Nature Reviews Immunology 8, 726-736 (September 2008) | doi:10.1038/nri2395

Mesenchymal stem cells in health and disease

Antonio Uccelli1,2,3, Lorenzo Moretta2,4,5 & Vito Pistoia4  About the authors


Mesenchymal stem cells (MSCs) are a heterogeneous subset of stromal stem cells that can be isolated from many adult tissues. They can differentiate into cells of the mesodermal lineage, such as adipocytes, osteocytes and chondrocytes, as well as cells of other embryonic lineages. MSCs can interact with cells of both the innate and adaptive immune systems, leading to the modulation of several effector functions. After in vivo administration, MSCs induce peripheral tolerance and migrate to injured tissues, where they can inhibit the release of pro-inflammatory cytokines and promote the survival of damaged cells. This Review discusses the targets and mechanisms of MSC-mediated immunomodulation and the possible translation of MSCs to new therapeutic approaches.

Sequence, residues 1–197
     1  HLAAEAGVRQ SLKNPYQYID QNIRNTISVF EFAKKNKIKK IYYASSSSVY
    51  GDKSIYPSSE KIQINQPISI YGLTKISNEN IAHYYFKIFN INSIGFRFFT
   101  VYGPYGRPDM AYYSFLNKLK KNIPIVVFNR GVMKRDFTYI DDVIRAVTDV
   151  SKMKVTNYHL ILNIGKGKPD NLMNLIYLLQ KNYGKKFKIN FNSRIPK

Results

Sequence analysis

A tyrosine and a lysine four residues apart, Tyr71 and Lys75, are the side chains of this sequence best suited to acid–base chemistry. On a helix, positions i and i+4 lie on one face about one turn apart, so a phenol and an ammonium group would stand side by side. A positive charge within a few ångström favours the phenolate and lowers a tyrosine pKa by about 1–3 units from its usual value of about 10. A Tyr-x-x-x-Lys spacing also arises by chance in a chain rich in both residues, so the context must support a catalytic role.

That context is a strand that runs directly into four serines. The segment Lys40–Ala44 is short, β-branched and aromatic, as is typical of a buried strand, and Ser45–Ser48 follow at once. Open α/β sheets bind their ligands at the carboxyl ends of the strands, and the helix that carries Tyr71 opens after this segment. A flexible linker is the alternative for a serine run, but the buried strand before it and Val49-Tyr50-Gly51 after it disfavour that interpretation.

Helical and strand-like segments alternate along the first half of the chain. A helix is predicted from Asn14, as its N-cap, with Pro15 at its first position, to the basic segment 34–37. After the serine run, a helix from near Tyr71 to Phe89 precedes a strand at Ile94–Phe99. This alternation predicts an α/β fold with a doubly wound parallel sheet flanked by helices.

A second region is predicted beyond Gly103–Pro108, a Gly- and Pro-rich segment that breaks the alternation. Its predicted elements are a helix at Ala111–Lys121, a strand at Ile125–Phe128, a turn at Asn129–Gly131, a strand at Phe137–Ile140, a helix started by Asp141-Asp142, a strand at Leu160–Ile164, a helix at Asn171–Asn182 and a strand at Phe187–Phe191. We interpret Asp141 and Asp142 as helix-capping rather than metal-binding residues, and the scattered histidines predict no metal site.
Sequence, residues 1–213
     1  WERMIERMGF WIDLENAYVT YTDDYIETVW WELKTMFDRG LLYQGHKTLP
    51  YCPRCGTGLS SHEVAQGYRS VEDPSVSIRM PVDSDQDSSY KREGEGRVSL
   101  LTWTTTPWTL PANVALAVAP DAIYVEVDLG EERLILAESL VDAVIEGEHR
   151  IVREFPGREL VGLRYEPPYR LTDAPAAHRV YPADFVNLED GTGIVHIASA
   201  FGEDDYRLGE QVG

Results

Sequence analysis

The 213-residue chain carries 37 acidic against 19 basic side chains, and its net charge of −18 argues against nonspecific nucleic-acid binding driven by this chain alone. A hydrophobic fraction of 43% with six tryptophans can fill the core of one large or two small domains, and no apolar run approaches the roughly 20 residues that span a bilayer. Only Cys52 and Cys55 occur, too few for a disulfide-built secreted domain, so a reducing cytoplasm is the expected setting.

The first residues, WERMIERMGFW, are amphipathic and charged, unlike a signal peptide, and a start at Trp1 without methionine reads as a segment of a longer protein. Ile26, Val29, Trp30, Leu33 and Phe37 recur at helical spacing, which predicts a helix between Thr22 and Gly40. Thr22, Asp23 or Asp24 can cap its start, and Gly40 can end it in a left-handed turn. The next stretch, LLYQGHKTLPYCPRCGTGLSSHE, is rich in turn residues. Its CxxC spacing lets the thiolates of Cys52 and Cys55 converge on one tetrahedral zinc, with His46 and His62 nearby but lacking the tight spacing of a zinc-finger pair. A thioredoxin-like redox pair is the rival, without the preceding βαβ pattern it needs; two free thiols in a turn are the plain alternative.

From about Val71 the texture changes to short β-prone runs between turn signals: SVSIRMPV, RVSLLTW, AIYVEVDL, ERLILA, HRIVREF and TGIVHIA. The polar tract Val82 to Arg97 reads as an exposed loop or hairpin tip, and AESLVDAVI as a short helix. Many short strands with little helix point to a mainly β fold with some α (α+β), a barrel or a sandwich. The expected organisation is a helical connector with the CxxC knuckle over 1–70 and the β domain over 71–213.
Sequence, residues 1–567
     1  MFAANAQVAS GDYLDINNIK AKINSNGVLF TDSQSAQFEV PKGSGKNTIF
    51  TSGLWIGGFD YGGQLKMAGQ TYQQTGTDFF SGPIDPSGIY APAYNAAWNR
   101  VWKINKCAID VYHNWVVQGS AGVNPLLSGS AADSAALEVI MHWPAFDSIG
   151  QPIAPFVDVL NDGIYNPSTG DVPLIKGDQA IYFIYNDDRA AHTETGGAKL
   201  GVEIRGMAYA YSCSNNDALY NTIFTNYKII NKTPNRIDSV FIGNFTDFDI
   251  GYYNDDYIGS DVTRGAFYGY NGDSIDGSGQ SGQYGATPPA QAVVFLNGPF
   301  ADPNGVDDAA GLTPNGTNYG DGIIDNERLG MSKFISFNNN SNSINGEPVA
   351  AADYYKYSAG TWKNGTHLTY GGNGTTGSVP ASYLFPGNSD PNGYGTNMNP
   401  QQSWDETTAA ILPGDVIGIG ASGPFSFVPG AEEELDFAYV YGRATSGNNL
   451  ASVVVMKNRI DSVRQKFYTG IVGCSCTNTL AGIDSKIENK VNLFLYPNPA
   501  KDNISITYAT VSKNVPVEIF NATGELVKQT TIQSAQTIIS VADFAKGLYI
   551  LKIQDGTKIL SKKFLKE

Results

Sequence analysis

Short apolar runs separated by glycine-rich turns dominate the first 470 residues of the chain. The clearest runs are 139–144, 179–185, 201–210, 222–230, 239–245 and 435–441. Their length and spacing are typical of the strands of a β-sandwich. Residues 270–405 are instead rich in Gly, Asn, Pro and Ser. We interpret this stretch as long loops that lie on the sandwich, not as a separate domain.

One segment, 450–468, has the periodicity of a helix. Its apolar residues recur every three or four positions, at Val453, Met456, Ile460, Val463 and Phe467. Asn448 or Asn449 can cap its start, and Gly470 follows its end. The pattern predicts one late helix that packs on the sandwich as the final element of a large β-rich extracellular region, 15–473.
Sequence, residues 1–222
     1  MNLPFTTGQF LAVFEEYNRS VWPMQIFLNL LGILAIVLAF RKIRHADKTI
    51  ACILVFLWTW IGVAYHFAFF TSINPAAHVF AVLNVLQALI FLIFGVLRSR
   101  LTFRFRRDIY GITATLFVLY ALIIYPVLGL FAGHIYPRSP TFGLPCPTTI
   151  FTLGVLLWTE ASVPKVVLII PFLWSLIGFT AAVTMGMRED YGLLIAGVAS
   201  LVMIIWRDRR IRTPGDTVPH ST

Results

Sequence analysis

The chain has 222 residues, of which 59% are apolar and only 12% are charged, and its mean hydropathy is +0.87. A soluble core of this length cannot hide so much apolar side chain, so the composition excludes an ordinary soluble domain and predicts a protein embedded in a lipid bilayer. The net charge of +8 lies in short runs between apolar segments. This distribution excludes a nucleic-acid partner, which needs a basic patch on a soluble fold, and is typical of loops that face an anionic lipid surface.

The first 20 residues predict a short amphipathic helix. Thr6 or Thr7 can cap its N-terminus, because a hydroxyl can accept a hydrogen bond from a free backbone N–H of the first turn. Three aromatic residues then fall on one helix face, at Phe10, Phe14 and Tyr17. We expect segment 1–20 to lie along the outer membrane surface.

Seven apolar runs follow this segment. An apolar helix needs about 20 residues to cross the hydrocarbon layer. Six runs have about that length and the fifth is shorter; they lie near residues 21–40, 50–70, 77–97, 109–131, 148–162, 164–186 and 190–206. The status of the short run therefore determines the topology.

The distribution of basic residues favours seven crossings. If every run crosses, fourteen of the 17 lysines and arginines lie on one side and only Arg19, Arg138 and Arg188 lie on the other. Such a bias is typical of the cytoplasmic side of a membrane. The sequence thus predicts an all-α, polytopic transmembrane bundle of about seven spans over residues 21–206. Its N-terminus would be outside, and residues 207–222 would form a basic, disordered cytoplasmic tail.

Author affiliations

  1. Department of Neurosciences, Ophthalmology and Genetics, University of Genoa, Italy.
  2. Centre of Excellence for Biomedical Research, University of Genoa, Italy.
  3. Advanced Biotechnology Center (ABC), Genoa, Italy.
  4. IRCSS Giannina Gaslini, Genoa, Italy.
  5. Department of Experimental Medicine (DIMES), University of Genoa, Italy.

Correspondence to: Antonio Uccelli1,2,3 Email:


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